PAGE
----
CHICAGO (CBS) — True or false: Chicago is more dangerous today than ever before? Many would say “true” pointing to murders and shootings, countless news reports, plus posts on social media all describing the city’s violence.

But CBS’s 2 Jim Williams takes a look at crime numbers from 20 years ago and you might be surprised.

The violence has captured attention around the world and made Chicagoans like Chatham’s Michele Ploss very afraid.

“It’s frightening.” she said.

But believe it or not, there was a time in Chicago when violent crime was much worse.

UIC Criminologist Dennis Rosenbaum said, “We have less than half as many homicides today as we did 20 years in Chicago.”

Rosenbaum is right. Last year saw 414 murders, as compared with 930 in 1994.

“It was a tough time,” remembers surgeon Marie Crandall.

She has analyzed ten years of data from Chicago trauma centers and says she is treating fewer gunshot victims at Northwestern.

“Comparing notes with my colleagues at other institutions, they’ve seen a decrease as well,” she said.

Aggravated assault and battery numbers, which include shootings, dropped 73 percent from more than 40,000 in 1994 to just under 11,000 last year.

You might say the crime numbers are down because Chicago’s population has dropped dramatically in 20 years. Not true. There were 2.8 million Chicagoans in 1994 and there are 2.7 million today.

So why do people feel the city’s more dangerous now?

“The amount of media coverage today as you know is substantially greater than it was 20 year ago”, said Dennis Rosenbaum.

But are people more afraid because of the crime numbers or because of how we cover crime differently today?

“Well, I think it’s a little bit of both”, said Roosevelt University Professor John Fountain.

Instant updates online and on your smartphone provide a tally of violent crime you could not get in 1994 when Fountain was a reporter for the Chicago Tribune.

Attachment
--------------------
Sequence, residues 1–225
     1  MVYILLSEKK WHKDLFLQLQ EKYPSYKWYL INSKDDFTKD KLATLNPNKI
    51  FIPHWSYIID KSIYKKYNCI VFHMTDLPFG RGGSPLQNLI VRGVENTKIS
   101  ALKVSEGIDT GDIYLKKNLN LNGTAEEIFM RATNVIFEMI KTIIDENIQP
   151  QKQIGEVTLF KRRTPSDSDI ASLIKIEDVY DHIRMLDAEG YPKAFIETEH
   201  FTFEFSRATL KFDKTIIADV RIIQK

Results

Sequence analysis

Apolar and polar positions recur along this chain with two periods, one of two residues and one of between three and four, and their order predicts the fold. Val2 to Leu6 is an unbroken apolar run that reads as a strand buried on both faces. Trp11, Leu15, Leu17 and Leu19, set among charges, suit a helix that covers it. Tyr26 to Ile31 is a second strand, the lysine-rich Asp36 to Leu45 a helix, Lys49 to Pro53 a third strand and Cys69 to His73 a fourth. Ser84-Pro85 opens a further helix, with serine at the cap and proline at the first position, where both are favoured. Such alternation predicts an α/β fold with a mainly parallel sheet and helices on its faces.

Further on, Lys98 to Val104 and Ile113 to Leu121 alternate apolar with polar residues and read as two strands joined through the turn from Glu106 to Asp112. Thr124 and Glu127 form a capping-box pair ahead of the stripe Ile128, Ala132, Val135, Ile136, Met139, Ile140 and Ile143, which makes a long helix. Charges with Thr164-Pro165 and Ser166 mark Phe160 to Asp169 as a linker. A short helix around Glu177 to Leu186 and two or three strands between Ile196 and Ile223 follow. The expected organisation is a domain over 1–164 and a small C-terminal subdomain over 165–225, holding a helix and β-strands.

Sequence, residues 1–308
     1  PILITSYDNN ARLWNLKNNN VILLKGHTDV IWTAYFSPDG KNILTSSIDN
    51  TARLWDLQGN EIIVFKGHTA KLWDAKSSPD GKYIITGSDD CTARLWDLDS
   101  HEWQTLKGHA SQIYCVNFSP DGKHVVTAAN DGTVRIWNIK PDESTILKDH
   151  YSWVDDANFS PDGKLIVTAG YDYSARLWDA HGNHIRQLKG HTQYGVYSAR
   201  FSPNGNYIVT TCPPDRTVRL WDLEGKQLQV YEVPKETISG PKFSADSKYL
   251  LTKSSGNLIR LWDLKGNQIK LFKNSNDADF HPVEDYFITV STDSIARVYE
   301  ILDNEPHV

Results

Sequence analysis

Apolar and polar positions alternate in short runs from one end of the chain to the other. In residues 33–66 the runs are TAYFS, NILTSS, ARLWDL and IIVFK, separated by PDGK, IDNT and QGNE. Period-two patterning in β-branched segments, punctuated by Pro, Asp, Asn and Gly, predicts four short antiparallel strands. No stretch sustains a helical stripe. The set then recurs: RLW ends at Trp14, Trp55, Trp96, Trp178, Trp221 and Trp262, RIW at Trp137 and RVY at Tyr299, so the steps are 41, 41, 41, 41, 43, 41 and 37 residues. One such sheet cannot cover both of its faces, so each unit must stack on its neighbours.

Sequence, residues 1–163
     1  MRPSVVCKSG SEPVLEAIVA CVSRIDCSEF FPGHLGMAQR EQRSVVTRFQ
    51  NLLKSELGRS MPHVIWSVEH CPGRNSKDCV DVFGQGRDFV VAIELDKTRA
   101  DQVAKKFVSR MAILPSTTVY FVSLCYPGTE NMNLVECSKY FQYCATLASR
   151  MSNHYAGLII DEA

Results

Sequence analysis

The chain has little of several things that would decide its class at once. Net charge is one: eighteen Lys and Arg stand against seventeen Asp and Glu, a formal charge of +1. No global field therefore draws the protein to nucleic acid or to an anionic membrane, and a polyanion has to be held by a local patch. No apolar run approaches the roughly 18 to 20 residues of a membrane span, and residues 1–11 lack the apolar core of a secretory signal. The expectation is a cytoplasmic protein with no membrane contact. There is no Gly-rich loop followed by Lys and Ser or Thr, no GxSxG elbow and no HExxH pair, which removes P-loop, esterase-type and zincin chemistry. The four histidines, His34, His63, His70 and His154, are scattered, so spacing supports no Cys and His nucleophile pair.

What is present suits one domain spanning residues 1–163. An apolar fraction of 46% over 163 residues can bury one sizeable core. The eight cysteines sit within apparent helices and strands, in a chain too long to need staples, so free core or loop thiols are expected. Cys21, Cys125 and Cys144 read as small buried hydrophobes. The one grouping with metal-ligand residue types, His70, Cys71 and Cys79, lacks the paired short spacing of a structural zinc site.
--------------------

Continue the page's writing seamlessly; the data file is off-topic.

“It’s on your hip when it buzzes with the breaking news”, he said.

20 years ago, you waited for the news and coverage was different. We looked at the Tribune from 1994’s very violent July 4th weekend when 12 people were murdered, nine by gunfire. No front page coverage. We found one double-murder mentioned a few pages inside Section 2.

And not to single out the newspaper, CBS 2 devoted all of 34 seconds to Chicago crime coverage over the same holiday period that year. This past July 4th weekend, when eight people were shot to death and had dozens wounded, we had far more coverage.

Chicago Police Superintendent Garry McCarthy says he understands today’s crime fears.

“It goes like: if you had five murders in your neighborhood last year and you’ve only got three this year, do you feel 40 percent safer? No you don’t.”

Still, there is frustration over how Chicago is portrayed.

“We rank about 21st out of major cities in the country for violent crime. We are not the murder capital of the country,” insists McCarthy.

We confirmed that Chicago does rank 21st for its murder rate, but that’s little consolation for neighborhoods on the South and West Sides that have been plagued with murders and shootings for decades and have become the focus of so much attention today.

For John Fountain, “The cumulative effect of that is that the people who lived in these communities, they got 20 years of hell. That’s the number I care about — 20 years of hell.”

No one Jim talked to suggested the media not cover crime. Nor did anyone minimize the impact crime has on the victims and their families. CBS 2 news director Jeff Kiernan says the impact of crime on victims, families and neighborhoods is a significant factor in deciding on news coverage. However, he says, the station continually strives for better perspective and balance in what is reported and its overall relevance and impact on people throughout Chicagoland.